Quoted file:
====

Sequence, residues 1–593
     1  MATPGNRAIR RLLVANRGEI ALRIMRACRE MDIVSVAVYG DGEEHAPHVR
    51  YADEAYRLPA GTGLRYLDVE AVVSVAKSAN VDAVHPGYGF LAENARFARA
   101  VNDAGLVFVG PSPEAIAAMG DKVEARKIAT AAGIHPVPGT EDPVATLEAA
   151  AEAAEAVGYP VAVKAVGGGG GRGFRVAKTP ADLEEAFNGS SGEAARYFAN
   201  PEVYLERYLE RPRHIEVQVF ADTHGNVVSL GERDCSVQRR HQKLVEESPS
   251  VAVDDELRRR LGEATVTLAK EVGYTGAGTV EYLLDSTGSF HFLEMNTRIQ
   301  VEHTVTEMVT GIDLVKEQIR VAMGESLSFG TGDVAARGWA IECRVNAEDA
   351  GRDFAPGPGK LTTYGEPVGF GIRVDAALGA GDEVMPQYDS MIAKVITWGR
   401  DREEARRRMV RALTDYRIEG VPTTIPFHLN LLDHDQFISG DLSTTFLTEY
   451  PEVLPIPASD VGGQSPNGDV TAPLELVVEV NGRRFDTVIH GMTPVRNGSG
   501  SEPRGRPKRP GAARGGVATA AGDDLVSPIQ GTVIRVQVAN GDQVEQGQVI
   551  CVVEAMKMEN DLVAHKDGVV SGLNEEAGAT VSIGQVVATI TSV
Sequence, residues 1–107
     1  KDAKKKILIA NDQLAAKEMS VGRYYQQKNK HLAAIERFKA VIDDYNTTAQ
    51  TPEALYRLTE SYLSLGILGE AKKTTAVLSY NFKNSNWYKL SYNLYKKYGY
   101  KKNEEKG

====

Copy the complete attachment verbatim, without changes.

Sequence, residues 1–593
     1  MATPGNRAIR RLLVANRGEI ALRIMRACRE MDIVSVAVYG DGEEHAPHVR
    51  YADEAYRLPA GTGLRYLDVE AVVSVAKSAN VDAVHPGYGF LAENARFARA
   101  VNDAGLVFVG PSPEAIAAMG DKVEARKIAT AAGIHPVPGT EDPVATLEAA
   151  AEAAEAVGYP VAVKAVGGGG GRGFRVAKTP ADLEEAFNGS SGEAARYFAN
   201  PEVYLERYLE RPRHIEVQVF ADTHGNVVSL GERDCSVQRR HQKLVEESPS
   251  VAVDDELRRR LGEATVTLAK EVGYTGAGTV EYLLDSTGSF HFLEMNTRIQ
   301  VEHTVTEMVT GIDLVKEQIR VAMGESLSFG TGDVAARGWA IECRVNAEDA
   351  GRDFAPGPGK LTTYGEPVGF GIRVDAALGA GDEVMPQYDS MIAKVITWGR
   401  DREEARRRMV RALTDYRIEG VPTTIPFHLN LLDHDQFISG DLSTTFLTEY
   451  PEVLPIPASD VGGQSPNGDV TAPLELVVEV NGRRFDTVIH GMTPVRNGSG
   501  SEPRGRPKRP GAARGGVATA AGDDLVSPIQ GTVIRVQVAN GDQVEQGQVI
   551  CVVEAMKMEN DLVAHKDGVV SGLNEEAGAT VSIGQVVATI TSV
Sequence, residues 1–107
     1  KDAKKKILIA NDQLAAKEMS VGRYYQQKNK HLAAIERFKA VIDDYNTTAQ
    51  TPEALYRLTE SYLSLGILGE AKKTTAVLSY NFKNSNWYKL SYNLYKKYGY
   101  KKNEEKG